As economies re-open with more people getting their COVID-19 vaccinations, corporate executives will put more thought into their decisions on whether or not employees travel, suggests the CEO of Marsh & McLennan Companies Inc.
New York City-based Marsh & McLennan will gradually increase its travel and entertainment spending throughout the remainder of 2021, CEO Dan Glaser said last week.
“I think that companies – not just Marsh & McLennan – will travel with more purpose. They will be more thoughtful about travelling,” Glaser said July 22 during a conference call discussing his firm’s financial results for the three months ending June 30. Glaser was replying to an investment banking analyst who asked about the impact on Marsh & McLennan’s profit margin if travel and entertainment expenses return to pre-COVID levels.
Marsh & McLennan is the parent company of Marsh, the largest global commercial P&C brokerage. Marsh & McLennan also owns reinsurance intermediary Guy Carpenter and consulting firms Mercer and Oliver Wyman.
Marsh & McLennan reported operating expenses, in Q2 2021, of US$3.79 billion, up from US$3.3 billion during the same period of 2020. The firm said its underlying expenses increased 4% due to higher incentive compensation and base salaries due to increased headcount, but this was partly offset by lower travel and entertainment. Like most firms, Marsh & McLennan imposed strict restrictions on travel and entertainment ,in early 2020, because of the COVID-19 pandemic.
“We do expect, and hope, that over time, [travel and entertainment] gets back to kind of 2019 levels but we may be quite a ways away from that point in time,” Glaser said July 22 during the earnings call.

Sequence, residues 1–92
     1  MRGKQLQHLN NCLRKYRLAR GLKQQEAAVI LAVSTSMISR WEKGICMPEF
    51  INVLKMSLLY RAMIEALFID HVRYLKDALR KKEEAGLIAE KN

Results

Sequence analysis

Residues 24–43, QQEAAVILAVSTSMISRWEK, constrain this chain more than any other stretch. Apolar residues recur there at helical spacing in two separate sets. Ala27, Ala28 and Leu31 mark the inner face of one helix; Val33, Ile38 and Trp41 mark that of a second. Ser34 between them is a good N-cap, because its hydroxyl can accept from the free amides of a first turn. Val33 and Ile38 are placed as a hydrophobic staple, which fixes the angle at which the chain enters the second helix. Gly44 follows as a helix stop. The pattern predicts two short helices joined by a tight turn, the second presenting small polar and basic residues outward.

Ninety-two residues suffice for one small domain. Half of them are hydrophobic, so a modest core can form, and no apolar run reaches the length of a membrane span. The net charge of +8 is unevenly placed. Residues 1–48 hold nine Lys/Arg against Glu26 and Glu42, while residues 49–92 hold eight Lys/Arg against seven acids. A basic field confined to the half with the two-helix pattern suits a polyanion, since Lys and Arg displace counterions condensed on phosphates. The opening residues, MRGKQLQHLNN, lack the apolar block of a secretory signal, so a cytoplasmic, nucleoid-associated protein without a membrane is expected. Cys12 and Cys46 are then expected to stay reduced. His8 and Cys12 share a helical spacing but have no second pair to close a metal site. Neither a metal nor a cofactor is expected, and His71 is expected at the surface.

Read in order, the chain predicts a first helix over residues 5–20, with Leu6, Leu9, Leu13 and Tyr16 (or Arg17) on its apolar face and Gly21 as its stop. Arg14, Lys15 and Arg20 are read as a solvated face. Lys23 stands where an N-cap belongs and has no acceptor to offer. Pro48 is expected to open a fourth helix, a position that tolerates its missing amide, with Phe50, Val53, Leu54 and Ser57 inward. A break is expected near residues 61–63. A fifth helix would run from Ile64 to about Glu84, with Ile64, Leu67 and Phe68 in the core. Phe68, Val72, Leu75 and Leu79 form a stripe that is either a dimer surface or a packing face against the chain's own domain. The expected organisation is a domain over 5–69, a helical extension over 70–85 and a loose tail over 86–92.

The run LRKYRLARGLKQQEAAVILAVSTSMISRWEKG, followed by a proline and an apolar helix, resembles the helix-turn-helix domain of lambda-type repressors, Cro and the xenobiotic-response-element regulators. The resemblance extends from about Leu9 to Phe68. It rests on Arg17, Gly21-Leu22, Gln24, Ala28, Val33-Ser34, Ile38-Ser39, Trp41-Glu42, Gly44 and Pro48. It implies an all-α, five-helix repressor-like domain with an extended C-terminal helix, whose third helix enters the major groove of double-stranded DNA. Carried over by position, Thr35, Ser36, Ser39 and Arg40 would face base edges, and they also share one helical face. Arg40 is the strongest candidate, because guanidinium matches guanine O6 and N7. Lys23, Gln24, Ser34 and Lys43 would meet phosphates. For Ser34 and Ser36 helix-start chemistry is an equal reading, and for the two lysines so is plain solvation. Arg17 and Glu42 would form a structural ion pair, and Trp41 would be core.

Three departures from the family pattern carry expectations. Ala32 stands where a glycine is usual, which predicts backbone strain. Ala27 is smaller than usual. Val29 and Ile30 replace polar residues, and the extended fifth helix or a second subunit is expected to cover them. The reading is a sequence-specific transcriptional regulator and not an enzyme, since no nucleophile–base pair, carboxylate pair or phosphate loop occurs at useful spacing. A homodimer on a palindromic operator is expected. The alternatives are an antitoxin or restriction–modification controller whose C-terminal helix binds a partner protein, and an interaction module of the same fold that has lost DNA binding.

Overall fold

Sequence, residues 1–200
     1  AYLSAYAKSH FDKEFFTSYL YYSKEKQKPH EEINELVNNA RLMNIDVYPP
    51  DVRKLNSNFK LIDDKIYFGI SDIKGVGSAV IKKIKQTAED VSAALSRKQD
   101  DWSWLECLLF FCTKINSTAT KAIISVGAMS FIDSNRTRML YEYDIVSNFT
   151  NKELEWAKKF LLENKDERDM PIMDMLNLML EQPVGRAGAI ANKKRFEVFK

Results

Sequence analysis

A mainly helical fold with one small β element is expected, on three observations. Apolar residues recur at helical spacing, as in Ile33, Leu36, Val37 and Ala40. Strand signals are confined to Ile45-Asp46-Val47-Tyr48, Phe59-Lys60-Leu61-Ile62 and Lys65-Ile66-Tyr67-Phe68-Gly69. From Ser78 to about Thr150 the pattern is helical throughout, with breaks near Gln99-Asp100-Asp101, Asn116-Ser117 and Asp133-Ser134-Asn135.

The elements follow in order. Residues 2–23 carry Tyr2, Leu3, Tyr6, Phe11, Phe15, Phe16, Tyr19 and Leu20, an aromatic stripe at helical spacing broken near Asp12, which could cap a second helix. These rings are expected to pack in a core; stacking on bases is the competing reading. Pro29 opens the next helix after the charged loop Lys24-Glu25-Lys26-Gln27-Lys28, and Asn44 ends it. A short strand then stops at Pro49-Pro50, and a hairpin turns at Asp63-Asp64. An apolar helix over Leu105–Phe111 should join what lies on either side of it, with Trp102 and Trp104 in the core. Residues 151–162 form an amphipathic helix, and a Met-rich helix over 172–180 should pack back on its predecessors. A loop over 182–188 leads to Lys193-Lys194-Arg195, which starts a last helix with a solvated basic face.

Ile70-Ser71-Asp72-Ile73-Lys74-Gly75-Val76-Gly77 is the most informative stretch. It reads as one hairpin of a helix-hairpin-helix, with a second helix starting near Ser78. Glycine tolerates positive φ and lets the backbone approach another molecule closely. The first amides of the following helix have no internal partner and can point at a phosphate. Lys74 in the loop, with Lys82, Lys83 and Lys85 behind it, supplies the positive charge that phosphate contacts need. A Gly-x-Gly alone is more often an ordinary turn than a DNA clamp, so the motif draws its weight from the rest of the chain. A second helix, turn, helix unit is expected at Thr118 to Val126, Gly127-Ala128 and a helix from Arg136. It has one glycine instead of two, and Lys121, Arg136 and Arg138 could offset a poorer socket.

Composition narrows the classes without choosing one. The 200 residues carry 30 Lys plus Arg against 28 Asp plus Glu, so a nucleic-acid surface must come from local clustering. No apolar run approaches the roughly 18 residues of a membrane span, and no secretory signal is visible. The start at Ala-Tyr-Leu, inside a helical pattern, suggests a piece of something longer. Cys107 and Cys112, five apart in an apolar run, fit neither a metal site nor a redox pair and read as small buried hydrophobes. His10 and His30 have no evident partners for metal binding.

Marsh & McLennan reported net earnings of US$820 million on revenues of US$5 billion in the most recent quarter. In Q2 2020, its revenues were US$4.2 billion.
The growth potential for Marsh & McLennan is “significant” because the firm is guiding corporate clients “through the complexities of the new normal,” Glaser suggested.
“We not fearful about the economy. We are fearful about continuing waves of COVID but the economies have adjusted somewhat in many parts of the world and are more resilient than they were in the spring of 2020. So the economic impact won’t be as severe as we had seen even with continuing waves of COVID,” Glaser said.
“The shape of this economic recovery is very different from any we have seen before. Some industries are thriving while others are being impacted by supply chain disruption, inventory issues and labour shortages. Navigating this economic landscape is challenging, even confounding, for some businesses,” he said.
Glaser warned that despite encouraging economic indicators, the pandemic is not over yet.
“Vaccine hesitancy creates risk and there are many parts of the world where vaccine availability is limited. As a result, much of the world is experiencing another wave of the pandemic with rising case counts due to the spread of variants.”